IN Shooting an Elephant George Orwell writes about how a person loses his own freedom most of all while practising imperialism. In this story an English police officer posted in Burma is the symbol of imperial power. He receives news of an elephant on a rampage in the village. He initially sets out with a pistol, but on finding out that an Indian coolie has been trampled to death by the beast he instructs an orderly to fetch an elephant rifle. By the time he gets to the paddy fields, accompanied by two thousand locals, the elephant is calmly grazing shoots.
The officer knows that the elephant is no longer a threat and ought to be left alone. But the burden of expectation on him as the embodiment of superior power is unbearable. The locals, who both fear and hate this symbol of power, expect action. And for no good reason, other than measuring up to such transient expectation, the officer aims at the unthreatening elephant and fires multiple times. The sahib “wears a mask”, writes Orwell, “and his face grows to fit it … I had got to shoot the elephant”. Why?
Because otherwise…“the crowd would laugh at me”.
Aren’t reactions of our contemporary leaders reminiscent of imperial sahibs afraid of being laughed at? Nawaz Sharif was crowned a leader the day he announced rebelliously that he would accept dictation from no one. Successive army chiefs have reminded us that they will protect and defend the ‘honour and dignity’ of the armed forces at all costs. What are these ‘costs’ that the high command is willing to endure and why? Is such bravado meant to put the fear of God in foreign enemies (or homegrown terrorists) casting an evil eye on Pakistan?
Or is it for the consumption of fellow countrymen getting audacious enough to question whether their relationship with state institutions meant to serve them should be defined by fear? What is it that threatens khaki ‘honour’? Haven’t khakis in the past poked fun at their own chiefs who seemed too docile or took seriously the constitutional notion of civilian control of the military? Didn’t Gen Jehangir Karamat, a thorough gentleman, come to be referred to as ‘baji’ by his own? Didn’t Gen Kayani invite a nickname even less flattering?
Within the fields of sociology and anthropology ‘cultures of honour’ are contrasted with ‘cultures of law’. Richard Nissbet and Dov Cohen in Culture of Honour: Psychology of Violence in the South (where they analyse the increased tendency of citizens of southern US states to indulge in violence), argue that cultures of honour tend to emerge and entrench themselves where three conditions are met: there is scarcity of resources; benefits of violence and crime outweigh their risks; and law enforcement is non-existent, lax or corrupt.
What we have nurtured in Pakistan — within state institutions and the society — is a culture of honour that trumps a culture of law. Whether it is an adult’s right to marriage of her own choice, the right of someone accused of blasphemy to be treated in accordance with the law, the right of a suspected terrorist to be accorded due process, or the obligation of the army to abide by directives of a civilian government, the notions of honour (and vigilante action to preserve them) override unambiguous obligations dictated by the law.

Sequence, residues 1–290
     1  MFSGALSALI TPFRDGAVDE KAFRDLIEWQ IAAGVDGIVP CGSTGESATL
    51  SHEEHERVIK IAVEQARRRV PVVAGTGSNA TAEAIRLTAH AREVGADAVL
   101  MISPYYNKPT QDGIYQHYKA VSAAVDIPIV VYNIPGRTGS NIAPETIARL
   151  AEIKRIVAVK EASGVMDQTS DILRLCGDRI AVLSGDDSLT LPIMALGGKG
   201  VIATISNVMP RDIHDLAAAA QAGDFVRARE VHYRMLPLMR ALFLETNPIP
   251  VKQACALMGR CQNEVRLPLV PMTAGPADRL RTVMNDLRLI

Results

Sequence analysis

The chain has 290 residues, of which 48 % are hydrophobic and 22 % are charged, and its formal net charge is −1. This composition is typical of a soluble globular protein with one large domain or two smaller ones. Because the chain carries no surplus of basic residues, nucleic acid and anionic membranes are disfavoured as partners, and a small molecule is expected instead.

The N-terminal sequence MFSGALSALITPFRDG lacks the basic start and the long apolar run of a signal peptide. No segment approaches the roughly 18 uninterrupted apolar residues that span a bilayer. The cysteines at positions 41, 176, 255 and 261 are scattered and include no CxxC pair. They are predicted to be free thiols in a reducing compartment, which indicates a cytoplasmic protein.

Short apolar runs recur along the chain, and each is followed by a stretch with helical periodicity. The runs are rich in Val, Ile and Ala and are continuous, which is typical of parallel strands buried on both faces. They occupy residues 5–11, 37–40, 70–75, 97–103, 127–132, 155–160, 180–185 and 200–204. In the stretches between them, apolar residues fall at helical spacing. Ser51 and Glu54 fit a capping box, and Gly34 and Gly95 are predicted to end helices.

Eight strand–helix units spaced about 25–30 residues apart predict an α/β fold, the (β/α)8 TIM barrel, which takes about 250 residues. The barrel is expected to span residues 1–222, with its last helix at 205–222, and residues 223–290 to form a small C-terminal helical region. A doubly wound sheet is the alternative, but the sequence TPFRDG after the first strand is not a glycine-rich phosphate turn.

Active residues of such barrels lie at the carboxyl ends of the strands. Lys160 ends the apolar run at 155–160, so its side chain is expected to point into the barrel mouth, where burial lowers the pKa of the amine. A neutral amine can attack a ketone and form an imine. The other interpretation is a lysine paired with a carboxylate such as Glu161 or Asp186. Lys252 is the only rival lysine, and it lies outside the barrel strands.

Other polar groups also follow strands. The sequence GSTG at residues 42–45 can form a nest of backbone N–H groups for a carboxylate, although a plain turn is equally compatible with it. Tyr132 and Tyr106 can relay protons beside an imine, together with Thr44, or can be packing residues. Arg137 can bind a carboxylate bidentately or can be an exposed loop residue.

There is no question that our resources are scarce, the powerful (especially those in government) get away with perverting the law with impunity, and individuals manning institutions of justice and law enforcement are often corrupt or compromised. We thus fit the description of societies where honour eclipses the law. But can such explanation for how things are also serve as a justification for why misconceived notions of honour must continue to thrive and override the law.
Cultures of honour protect hereditary privileges or criminal gangs that are above and beyond the pale of law. In Pakistan too, the culture of honour — whether employed under the garb of religion or chivalry or patriotism — is essentially a tool to preserve pelf, privilege and a sense of entitlement above others. If Pakistan is to prosper and the society is to progress, we will need to replace the prevailing culture of honour with a culture of law. But willingly surrendering pelf or privilege is never easy.
In The Art of War Sun Tzu claims: “Generals are assistants of the nation. When their assistance is complete, the country is strong. When their assistance is defective, the country is weak.” And further that, “to be violent at first and wind up fearing one’s people is the epitome of ineptitude”. Let us concede for a moment that our civilian elite has been thoroughly incompetent, corrupt and ineffectual. But reflecting on the decades of khaki control over this country (direct and indirect), can our generals claim to have served this state and society well?
The challenges that confront Pakistan today are acute and innumerable. They are a product of our checkered past that disentitles all our institutions from preaching their virtue. A notion of patriotism defined by singular commitment to preserving the dignity of one institution at the expense of others is divisive and not uniting. If we wish to save the whole of Pakistan and not bits of it, we will need to replace bravado with introspection, hubris with self-correction and the prevalent culture of honour with one characterised by the rule of law.
The writer is a lawyer.